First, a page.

Quilotoa – More Hiking
I didn’t plan on hiking Quilotoa. But when I met Becs in Quito and she told me how much she loved hiking Quilotoa, I decided last minute to do the same. After doing 2 days Chimborazo and 2 days Cotopaxi, I did on my 5th day Quilotoa.
I must be a crazy girl not to take a break..And well here I am. And now I could feel that my legs are boycotting my brain’s idea of Quilotoa. They were screaming for a break. Really, I thought everything was fine except for my legs.
Facts And How To Get There
Quilotoa is the name of a caldera and its crater lake in the Ecuadorian Andes. The highest point is 3914m. The diameter of the caldera is 3 km. Maybe you would think now ‘Oh she did already Chimborazo and Cotopaxi, it shouldn’t be a problem by now to hike Quilotoa.’ But let me tell you that you are wrong. Quilotoa was the most exhausting one out of the 3 volcanoes to me because I was too stubborn to take a proper break in between.
To get to Quilotoa, it is better to stay one night in Latacunga. In the morning, go to the bus terminal and take a bus to Quilotoa at 8am. The ride cost only 2 US-Dollars. In comparison: Agencies in Banos are offering a day trip to Quilotoa for 90 US-Dollars. As soon as you get off the bus, you can start the trek. There are two hikes: up and down the crater and around the crater.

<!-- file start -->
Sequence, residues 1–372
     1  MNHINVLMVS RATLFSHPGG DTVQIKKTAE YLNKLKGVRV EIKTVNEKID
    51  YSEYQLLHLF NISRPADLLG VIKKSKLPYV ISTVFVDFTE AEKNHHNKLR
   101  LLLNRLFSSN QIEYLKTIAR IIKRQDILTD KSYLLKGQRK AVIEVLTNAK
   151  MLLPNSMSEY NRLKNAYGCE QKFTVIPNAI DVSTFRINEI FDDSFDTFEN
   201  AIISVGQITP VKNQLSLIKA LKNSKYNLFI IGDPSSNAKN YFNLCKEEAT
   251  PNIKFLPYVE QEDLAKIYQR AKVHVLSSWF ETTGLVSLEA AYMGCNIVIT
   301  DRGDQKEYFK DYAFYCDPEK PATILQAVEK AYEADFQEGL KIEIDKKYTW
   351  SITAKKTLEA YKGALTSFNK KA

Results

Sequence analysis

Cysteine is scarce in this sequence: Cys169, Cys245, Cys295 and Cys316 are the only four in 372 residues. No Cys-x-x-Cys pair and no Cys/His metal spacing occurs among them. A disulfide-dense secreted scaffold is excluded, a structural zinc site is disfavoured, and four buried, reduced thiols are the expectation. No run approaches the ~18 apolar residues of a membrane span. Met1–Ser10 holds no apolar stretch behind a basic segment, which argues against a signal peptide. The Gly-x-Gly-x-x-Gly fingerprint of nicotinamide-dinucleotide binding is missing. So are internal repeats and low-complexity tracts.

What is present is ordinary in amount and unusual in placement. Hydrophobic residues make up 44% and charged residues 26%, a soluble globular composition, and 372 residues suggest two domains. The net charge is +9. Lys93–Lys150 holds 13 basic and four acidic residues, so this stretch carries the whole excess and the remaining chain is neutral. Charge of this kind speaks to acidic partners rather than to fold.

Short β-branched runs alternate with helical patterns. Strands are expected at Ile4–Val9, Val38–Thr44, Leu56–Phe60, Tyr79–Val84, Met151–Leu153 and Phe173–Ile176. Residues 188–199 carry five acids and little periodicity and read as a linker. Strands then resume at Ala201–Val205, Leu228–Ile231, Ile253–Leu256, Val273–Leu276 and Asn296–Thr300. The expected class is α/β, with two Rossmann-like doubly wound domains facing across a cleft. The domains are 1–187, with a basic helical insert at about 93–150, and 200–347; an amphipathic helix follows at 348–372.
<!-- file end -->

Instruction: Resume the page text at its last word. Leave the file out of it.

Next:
I first hiked up and down. You only need 30 minutes to get down to the crater with its turquoise water. There, you have the opportunity to do kayaking. I met on my way down a sweet family from Guayaquil, and their 2 girls liked me so much they invited me to kayak with the family on the lake.
I said yes and had for one hour a great time kayaking in the crater lake. Come on- who can say that they kayaked in a volcanic crater lake? I just try to be open to this world and I have a humongous belief in humanity.
Sometimes I do get disappointed but most of the time there are more good than bad people in this world.
After that, I hiked the complete circumference of the caldera (12km), which took me 4 hours. It was not even difficult and such a frigging beautiful hike. But I have to admit, I was out of breath many times.
I wanted to complete the round so badly that I missed the return bus. At the end, it was getting dark and I decided to hitchhike back to Latacunga.
An indigenous couple took me and since I couldn’t speak Quechua we smiled at each other all the way back to Latacunga (2 hours).